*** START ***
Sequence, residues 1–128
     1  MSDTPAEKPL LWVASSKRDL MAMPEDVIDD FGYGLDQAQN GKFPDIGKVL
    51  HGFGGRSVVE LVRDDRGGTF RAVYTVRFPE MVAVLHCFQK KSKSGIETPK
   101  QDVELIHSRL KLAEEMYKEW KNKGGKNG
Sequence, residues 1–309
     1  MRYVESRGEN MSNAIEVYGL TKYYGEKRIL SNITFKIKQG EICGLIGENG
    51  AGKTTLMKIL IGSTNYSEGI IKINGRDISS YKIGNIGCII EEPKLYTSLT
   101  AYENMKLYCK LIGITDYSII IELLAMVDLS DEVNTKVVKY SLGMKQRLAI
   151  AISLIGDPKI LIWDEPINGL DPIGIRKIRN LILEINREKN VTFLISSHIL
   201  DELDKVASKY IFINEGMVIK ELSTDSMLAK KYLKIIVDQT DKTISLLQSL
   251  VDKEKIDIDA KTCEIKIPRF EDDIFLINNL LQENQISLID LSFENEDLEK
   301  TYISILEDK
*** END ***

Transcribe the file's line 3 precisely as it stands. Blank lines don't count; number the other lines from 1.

    51  HGFGGRSVVE LVRDDRGGTF RAVYTVRFPE MVAVLHCFQK KSKSGIETPK